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- Bioinformatics in microbial biotechnology – a mini review

Despite being a young field, bioinformatics has helped both fundamental microbiology and biotechnology through the development of algorithms, tools, and discoveries refining the abstract model of microbial cell functioning. The major impact of the bioinformatics has been in automating the microbial genome sequencing, the development of integrated databases over the Internet, and analysis of genomes to understand gene and genome function. BLAST based database search and Smith-Waterman based gene-pair alignment algorithm and their variations are being used extensively in comparing genes and genomes, and have become the first steps to derive the gene-function and the functionality of genomes. Significant success has been achieved in comparative genome analysis to: (i) identify conserved function within a genome family, (ii) identify specific genes in a group of genomes, and (iii) model 3D structures of proteins and docking of biochemical compounds and receptors. These successes have direct impact in the development of anti microbial agents, vaccines, and rational drug design. By integrating the knowledge of orthologs and gene-functions, gene-grouping based upon the integration of pair-wise genome comparison, and co-transcribed gene-groups, and graph based matching of substrates and products catalyzed by enzymes metabolic pathways reconstruction has been nearly automated.

The current front has moved to the identification of regulatory pathways, identification of protein-protein interactions, protein-DNA interactions, protein-RNA interactions, and simulations of metabolic reactions to study the effect of reaction rates, and the analysis of experimental data available from micro-array data to study the correlation between the gene-expressions and stress conditions.

Most of the bioinformatics techniques are critically dependent upon the knowledge derived from wet laboratories and the available computational algorithms and tools. Unfortunately, both the resources have limited capability of handling a vast amount of data to interpret genomics and proteomics with so many unknowns. Since there is a limited set of gene-functions available from the wet lab data, there are many holes in the complete picture of gene functions in many newly sequenced genomes. A lack of integration of bioinformatics research with biochemical knowledge also contributes to the holes in the complete picture.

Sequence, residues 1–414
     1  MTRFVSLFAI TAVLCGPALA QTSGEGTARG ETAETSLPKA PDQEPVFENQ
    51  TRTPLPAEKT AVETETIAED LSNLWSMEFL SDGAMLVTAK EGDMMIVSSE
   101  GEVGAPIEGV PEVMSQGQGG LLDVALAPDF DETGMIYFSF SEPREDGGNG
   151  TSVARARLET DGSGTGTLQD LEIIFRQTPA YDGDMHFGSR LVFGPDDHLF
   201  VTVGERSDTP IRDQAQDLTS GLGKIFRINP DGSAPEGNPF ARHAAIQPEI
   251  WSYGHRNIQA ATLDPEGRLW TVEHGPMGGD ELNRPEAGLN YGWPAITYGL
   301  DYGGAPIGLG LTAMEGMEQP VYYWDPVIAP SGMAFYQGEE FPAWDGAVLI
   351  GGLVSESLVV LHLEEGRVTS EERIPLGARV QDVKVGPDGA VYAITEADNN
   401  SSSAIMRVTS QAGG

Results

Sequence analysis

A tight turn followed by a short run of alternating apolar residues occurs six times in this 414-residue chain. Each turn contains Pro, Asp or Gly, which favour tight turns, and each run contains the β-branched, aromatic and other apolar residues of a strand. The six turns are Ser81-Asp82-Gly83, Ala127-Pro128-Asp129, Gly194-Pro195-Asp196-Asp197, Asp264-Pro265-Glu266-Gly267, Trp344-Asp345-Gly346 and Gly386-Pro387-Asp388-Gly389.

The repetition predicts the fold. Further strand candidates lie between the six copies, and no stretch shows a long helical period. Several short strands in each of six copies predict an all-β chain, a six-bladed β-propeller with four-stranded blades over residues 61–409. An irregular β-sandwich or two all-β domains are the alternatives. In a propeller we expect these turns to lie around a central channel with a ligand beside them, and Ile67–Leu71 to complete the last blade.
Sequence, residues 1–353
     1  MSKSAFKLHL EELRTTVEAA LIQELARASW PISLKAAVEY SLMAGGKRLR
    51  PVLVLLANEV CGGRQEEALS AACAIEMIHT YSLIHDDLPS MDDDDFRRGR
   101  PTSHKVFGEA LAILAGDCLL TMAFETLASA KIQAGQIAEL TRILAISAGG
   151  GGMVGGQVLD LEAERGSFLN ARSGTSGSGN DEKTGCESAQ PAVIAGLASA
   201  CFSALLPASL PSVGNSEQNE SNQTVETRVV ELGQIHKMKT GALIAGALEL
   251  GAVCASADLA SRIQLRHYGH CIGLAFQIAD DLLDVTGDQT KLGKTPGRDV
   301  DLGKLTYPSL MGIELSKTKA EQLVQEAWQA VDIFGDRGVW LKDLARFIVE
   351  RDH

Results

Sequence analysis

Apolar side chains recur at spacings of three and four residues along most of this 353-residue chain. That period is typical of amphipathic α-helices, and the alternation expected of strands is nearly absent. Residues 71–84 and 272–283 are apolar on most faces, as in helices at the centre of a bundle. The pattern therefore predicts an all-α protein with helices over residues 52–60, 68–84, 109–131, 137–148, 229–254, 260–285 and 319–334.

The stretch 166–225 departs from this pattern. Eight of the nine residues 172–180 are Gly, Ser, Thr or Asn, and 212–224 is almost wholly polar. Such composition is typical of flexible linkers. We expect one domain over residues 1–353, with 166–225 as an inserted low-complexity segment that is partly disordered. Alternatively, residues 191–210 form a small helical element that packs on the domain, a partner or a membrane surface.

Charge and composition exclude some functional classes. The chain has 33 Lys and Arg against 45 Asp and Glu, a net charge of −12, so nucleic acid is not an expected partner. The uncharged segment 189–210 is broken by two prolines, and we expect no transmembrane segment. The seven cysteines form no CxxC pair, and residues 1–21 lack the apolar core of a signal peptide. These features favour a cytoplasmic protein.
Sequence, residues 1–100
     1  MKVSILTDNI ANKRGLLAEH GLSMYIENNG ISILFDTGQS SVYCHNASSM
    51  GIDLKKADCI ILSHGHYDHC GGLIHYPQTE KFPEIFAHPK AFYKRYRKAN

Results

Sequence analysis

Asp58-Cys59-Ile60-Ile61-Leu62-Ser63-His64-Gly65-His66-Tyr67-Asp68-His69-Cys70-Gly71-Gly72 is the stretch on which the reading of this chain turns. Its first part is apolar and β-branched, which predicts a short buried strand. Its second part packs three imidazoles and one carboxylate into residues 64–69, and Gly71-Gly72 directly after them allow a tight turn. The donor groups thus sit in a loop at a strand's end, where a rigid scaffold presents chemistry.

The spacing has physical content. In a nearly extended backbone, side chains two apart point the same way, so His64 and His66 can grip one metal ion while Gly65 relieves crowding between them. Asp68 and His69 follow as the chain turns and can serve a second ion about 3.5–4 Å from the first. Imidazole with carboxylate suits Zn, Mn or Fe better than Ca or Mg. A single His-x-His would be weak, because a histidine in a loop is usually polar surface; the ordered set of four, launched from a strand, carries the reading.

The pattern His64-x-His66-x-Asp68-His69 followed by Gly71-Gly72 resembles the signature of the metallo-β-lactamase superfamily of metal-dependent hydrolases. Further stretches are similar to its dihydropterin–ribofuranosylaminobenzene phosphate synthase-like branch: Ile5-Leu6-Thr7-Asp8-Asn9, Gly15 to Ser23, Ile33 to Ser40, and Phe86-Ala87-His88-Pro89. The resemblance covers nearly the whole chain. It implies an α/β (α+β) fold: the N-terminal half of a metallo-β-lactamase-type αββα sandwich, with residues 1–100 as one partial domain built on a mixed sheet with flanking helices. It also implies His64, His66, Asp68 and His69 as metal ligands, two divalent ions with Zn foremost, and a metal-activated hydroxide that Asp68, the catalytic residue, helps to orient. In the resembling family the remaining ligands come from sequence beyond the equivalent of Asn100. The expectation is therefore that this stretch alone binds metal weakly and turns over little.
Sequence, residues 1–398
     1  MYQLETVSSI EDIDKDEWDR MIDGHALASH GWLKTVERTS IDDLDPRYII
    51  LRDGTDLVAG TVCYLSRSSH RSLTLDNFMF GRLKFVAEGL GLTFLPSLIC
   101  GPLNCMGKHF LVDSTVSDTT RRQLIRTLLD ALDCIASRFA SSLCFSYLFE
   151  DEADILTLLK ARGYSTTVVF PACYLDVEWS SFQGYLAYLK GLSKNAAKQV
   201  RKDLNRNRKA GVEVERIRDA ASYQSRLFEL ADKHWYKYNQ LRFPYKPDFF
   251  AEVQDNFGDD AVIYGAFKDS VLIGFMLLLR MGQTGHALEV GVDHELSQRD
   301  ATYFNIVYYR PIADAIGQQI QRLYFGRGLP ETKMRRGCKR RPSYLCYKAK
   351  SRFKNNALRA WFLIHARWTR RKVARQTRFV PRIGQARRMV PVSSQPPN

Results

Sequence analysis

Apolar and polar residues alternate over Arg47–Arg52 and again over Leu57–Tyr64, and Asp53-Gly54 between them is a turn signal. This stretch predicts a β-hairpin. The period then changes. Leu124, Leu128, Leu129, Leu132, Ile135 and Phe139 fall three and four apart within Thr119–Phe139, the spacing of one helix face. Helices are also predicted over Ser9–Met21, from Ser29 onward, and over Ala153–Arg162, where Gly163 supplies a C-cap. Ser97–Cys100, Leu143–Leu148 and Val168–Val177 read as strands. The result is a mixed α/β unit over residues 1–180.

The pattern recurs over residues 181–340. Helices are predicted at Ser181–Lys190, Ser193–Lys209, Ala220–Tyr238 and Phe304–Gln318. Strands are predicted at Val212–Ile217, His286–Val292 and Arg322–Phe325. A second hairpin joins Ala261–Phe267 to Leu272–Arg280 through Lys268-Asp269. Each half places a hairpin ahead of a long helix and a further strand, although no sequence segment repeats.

The mathematical modeling approaches are suitable for new discoveries to derive candidate genes for vaccine and rational drug design, metabolic pathways, metabolic pathway variations, and transcription factors for regulatory pathways. However modeling results contain many false positives and false negatives. These results need to be verified and cured by wet-lab experiments. However, complete verification is becoming humanly impossible due to the unavailability of experts, resources, and problems in co-ordination and ever changing bioinformatics databases caused by new analysis and discoveries [51].

With the availability of better cell visualization techniques and the abstract genomics models based upon current bioinformatics analysis and their integration with existing biochemical knowledge, the microbial wet lab experiments will become more focused in their goal. The progress in bioinformatics and wet-lab techniques has to remain interdependent and focused complementing each other for their own progress and for the progress of biotechnology in future. In future more and more focus would be to apply the techniques in an integrated way to manipulate the microbial cells at systemic level.

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